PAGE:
Climate change can alter gender birth ratios. Male fetus deaths spike in months with extreme weather.

An eight-decker ice cream cone is on sale in Japan. It’s a precarious bargain at 390 yen ($3.60).

Sweden’s sewage is under surveillance. Sensors in Stockholm detect bomb-making chemicals.

The game of Tetris has a plot. At least Hollywood thinks it does.

Paper or paper? Single-use plastic bags are now banned in California.

Click here for more surprising discoveries on Quartz.

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Quartz Daily Brief—#Pfizer’s tax try, #US probes #Pimco, #RBS floats Citizens, #London supermarket mushrooms

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Good morning, Quartz readers!

What to watch for today

Obama addresses the UN. The US president’s speech will discuss the Islamic State again, but the real question is whether David Cameron will announce more British military support. The prime minister may recall parliament to vote on airstrikes as early as Thursday.

BlackBerry’s future is square. The troubled Canadian smartphone maker is holding three events around the world to show off the Passport, a handset with a 4.5- by 4.5-inch display, which it hopes will do better than last year’s disastrous BlackBerry 10.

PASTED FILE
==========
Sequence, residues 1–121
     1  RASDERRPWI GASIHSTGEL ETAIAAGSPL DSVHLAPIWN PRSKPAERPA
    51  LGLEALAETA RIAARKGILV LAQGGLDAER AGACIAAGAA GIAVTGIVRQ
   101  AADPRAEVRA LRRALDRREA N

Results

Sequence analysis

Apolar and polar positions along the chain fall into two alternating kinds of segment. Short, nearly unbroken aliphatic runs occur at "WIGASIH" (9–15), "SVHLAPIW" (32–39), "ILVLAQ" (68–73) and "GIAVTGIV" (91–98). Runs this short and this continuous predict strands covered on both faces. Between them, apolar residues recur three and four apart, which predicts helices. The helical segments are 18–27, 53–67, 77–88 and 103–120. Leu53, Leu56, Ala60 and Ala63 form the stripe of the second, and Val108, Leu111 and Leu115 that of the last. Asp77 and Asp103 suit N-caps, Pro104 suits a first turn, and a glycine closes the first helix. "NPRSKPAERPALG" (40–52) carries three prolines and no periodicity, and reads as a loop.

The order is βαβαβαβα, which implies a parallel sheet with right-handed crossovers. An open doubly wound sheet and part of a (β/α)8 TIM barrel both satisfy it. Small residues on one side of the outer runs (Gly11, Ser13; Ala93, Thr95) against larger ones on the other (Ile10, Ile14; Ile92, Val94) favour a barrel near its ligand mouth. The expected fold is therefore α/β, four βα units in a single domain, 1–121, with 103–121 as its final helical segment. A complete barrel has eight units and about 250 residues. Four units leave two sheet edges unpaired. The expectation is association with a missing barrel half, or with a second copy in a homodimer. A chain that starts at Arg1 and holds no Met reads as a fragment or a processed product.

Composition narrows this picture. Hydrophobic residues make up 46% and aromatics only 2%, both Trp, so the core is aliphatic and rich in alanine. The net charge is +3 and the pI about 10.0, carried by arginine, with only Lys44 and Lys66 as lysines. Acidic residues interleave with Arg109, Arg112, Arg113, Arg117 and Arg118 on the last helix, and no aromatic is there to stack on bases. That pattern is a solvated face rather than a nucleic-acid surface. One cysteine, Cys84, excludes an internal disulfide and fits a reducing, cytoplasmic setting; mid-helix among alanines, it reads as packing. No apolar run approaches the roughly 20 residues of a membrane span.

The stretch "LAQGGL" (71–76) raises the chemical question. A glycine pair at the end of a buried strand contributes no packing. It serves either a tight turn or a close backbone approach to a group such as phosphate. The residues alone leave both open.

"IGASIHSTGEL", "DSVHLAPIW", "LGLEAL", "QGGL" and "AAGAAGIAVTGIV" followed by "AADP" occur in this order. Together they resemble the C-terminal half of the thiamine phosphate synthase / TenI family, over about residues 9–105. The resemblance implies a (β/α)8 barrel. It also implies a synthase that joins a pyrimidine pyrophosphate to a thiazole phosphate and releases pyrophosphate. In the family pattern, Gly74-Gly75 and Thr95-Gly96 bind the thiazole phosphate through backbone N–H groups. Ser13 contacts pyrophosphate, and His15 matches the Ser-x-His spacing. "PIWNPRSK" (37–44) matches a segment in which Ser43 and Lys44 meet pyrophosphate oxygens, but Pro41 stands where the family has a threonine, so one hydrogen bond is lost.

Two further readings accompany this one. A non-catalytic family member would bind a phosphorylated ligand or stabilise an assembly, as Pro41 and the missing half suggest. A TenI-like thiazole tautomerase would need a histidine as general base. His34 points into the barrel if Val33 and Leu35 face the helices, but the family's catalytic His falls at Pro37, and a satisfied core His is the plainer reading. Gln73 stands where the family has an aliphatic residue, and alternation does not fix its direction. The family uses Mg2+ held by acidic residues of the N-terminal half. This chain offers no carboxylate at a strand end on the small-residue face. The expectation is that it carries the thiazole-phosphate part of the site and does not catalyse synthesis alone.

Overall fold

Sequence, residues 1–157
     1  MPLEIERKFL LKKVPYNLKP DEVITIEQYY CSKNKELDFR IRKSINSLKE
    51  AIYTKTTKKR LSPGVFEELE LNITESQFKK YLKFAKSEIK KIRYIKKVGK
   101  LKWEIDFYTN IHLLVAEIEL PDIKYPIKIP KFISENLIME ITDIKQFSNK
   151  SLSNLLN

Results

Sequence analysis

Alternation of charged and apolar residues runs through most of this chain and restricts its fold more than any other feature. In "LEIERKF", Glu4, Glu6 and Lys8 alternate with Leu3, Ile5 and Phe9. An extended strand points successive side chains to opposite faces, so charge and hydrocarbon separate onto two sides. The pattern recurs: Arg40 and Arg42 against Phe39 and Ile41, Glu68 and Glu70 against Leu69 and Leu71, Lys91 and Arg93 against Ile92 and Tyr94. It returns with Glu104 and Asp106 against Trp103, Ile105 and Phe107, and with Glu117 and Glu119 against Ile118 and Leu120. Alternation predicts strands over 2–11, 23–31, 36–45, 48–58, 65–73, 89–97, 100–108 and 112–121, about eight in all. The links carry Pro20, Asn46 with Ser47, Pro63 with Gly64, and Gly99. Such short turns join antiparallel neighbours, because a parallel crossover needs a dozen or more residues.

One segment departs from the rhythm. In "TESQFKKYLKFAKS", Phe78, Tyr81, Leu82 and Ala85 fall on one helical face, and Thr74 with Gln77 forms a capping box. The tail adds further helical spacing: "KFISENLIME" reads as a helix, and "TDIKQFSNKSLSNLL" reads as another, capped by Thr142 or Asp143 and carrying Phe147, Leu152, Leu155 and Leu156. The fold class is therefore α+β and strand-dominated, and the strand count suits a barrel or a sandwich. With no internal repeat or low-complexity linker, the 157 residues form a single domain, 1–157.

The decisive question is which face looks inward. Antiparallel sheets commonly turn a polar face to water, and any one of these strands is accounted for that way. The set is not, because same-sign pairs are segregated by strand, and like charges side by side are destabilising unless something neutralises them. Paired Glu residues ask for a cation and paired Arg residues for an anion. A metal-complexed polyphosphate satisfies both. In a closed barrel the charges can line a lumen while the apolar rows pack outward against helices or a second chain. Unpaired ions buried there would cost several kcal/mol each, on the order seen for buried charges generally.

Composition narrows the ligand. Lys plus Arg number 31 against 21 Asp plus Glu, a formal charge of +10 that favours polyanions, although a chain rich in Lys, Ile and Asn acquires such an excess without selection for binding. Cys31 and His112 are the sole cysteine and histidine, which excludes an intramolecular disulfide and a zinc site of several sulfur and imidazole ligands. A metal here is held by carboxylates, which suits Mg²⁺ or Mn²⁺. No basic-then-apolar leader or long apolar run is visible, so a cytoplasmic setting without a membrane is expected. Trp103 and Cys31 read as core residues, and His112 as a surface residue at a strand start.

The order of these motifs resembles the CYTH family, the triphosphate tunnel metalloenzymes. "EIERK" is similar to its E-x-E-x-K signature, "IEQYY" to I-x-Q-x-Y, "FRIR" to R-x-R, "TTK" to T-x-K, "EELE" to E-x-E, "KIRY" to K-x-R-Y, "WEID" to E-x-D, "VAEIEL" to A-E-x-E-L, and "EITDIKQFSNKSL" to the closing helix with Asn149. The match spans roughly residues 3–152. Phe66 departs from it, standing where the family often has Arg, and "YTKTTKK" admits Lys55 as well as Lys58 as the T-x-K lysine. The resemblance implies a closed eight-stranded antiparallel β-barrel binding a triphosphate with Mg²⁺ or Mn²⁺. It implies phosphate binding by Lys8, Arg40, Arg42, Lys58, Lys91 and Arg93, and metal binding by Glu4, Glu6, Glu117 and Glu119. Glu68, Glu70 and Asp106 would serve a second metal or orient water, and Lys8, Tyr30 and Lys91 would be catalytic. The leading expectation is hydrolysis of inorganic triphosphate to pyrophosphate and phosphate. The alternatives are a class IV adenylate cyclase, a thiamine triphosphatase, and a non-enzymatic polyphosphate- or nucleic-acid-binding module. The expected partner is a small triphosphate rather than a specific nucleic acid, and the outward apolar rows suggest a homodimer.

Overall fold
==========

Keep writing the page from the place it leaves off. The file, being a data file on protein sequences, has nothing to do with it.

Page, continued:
Will the ruble bounce back? Moscow is set to auction 10 billion rubles ($259 million) worth of bonds in the country’s first debt sale in 10 weeks. Russia’s currency has depreciated 15% against the dollar this year.

Gloom in Germany. The Ifo Institute business climate index is expected to show that corporate confidence levels have hit a 16-month low. Trouble with Russia and a slow recovery are to blame.

A look at US house sales. The Mortgage Bankers’ Association releases its mortgage purchase application index, and the Census Bureau releases new-home sales data.

While you were sleeping

Pfizer tried again for a tax inversion. The US drug company has expressed interest in acquiring Actavis, a smaller rival with a market value of $63.6 billion that recently moved its headquarters to Ireland for tax purposes, according to Bloomberg. The Obama administration is trying to restrict tax inversion deals, but is not blocking them completely.